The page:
How a Ukrainian zoologist saved 1,000 bats

Anton Vlashenko is risking his life to protect bats during the invasion of Ukraine by Russia
Hi there! Just one of the many bats being cared for by Anton and his team. (Anton Vlashenko)

TRIGGER WARNING: This story details certain aspects of the current conflict in Ukraine. We recommend reading it alongside a trusted adult who can answer questions that you may have.

On February 24, 2022, Russian forces invaded the country of Ukraine. Ever since then, battles between their armies have continued, with Ukrainian forces trying to push the Russians out.

This conflict has affected life across the entire nation—in particular, along the northeastern, eastern, and southeastern borders of Ukraine, which are nearest to Russia. And this includes animal life in these areas, as war affects their habitats as well.

One person who has refused to let the war stop him from helping animals is a zoologist named Anton Vlashenko. He has been studying and working with bats for 20 years. Recently, CBC radio did an interview with him where he detailed how he risked his life to save 1,000 bats!

Life in Kharkiv

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The invasion has damaged and destroyed many buildings in Kharkiv. (Getty Embed)

Anton lives and works in Kharkiv, which is in the northeast of Ukraine and is the country's second-largest city. It has been exposed to some of the worst fighting of the war.

Russian forces made it a major target of their invasion. Although they never fully captured the city, they occupied many surrounding areas and they regularly attacked it. By September, Ukrainian forces had successfully pushed the Russians back towards their border. Even so, Kharkiv still experiences intermittent (random) attacks by long distance Russian weapons.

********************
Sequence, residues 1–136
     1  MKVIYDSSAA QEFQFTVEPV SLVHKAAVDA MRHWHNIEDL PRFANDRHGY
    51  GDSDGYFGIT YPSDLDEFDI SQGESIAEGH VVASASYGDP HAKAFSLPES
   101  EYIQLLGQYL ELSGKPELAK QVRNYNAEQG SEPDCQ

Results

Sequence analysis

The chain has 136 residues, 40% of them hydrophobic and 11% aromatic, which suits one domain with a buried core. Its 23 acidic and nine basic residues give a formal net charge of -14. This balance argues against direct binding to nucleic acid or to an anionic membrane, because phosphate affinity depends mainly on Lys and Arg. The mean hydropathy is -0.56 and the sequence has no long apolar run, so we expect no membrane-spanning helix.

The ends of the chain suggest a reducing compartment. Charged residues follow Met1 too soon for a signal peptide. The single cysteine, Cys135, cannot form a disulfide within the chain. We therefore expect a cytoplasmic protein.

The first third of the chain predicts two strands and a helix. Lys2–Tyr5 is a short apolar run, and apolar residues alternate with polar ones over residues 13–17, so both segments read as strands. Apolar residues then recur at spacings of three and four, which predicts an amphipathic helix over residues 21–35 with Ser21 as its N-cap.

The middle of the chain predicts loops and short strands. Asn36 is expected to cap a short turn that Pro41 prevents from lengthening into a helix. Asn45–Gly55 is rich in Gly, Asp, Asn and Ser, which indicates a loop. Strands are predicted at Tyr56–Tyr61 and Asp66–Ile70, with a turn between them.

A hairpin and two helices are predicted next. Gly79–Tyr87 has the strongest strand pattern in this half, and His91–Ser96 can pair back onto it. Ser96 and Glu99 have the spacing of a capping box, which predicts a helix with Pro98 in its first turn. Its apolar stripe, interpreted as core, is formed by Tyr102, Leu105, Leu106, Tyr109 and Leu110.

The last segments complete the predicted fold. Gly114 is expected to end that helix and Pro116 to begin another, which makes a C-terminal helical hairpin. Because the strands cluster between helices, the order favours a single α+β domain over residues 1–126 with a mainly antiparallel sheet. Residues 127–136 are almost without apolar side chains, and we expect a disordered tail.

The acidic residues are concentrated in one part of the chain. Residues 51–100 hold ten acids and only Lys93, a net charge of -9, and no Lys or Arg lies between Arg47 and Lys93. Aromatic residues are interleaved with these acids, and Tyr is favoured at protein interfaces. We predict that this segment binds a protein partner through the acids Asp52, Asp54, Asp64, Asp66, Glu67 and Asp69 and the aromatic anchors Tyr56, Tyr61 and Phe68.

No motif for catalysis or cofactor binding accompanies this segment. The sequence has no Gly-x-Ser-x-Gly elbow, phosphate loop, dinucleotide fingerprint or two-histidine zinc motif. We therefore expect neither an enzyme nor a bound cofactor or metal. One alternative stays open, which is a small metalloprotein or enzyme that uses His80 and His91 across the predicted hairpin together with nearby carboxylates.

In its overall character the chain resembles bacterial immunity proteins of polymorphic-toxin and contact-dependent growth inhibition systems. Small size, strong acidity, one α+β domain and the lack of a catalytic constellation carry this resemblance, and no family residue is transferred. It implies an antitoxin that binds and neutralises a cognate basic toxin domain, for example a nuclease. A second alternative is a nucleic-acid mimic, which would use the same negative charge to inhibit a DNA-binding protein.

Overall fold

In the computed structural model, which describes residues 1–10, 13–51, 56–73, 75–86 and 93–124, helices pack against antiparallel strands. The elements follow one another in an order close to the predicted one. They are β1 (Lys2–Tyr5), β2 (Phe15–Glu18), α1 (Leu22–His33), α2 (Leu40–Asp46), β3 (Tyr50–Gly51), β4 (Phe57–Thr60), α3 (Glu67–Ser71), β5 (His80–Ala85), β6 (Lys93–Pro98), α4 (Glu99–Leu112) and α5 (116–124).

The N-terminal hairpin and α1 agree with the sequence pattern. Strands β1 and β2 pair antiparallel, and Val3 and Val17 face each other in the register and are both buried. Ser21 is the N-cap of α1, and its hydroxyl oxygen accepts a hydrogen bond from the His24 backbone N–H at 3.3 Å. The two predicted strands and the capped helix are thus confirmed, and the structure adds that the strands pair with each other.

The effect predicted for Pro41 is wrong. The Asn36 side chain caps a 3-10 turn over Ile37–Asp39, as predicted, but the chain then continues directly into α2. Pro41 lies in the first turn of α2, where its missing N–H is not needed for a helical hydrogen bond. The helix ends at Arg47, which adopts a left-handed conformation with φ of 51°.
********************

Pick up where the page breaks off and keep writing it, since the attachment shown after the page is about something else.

The bat collider

Kharkiv is also the location of Feldman Ecopark, which is a zoo. Inside the zoo is a large circular pen (cage) called the Bat Collider.

On one hand, this was a place where the public could get up close and personal with the bats, as you can see in the video below!

But the Bat Collider was more than just an attraction for the public. It was a place where experts like Anton could bring injured and orphaned newborn bats, helping them to heal and even learn to fly.

The cage could hold up to 3,000 bats at once, and was especially helpful in a country with harsh winters like Ukraine (Ukraine's climate is very similar to much of Canada). Many bats hibernated safely here over the winter.

Time to move

Just before the war broke out, many bats were moved into the collider. The sudden attacks around the country left the bats in danger. Instead of being able to move, they were stuck hibernating in one place.

So even as attacks came across the city, he threw together a team and went to Feldman Ecopark to pull off a daring rescue late last March. In total, they were able to rescue about 1,000 bats. Because spring was starting, they were able to release the bats into the wild.

Below you can watch some of them being let go, even as air raid sirens sound in the distance.

That is some true bravery by those conservationists!

The work continues

Anton and a colleague working to release the bats from the collider last March. (Alona Shulenko)

Even after this dramatic release, the work for Anton continues. He and his colleagues have been searching across the city for bats lost in damaged buildings. They then store them inside cloth bags inside fridges, where the cool temperatures help to induce (create) hibernation. Imagine having a fridge full of tiny bats—this is what Anton is doing to help keep them safe!

CBC asked him why he was continuing to risk so much by staying in Kharkiv and searching the city for these mammals.

"It's our contribution to general resistance," he told them. Alongside other citizens of Kharkiv who are staying to keep the city running, they are "all together keeping our country alive."

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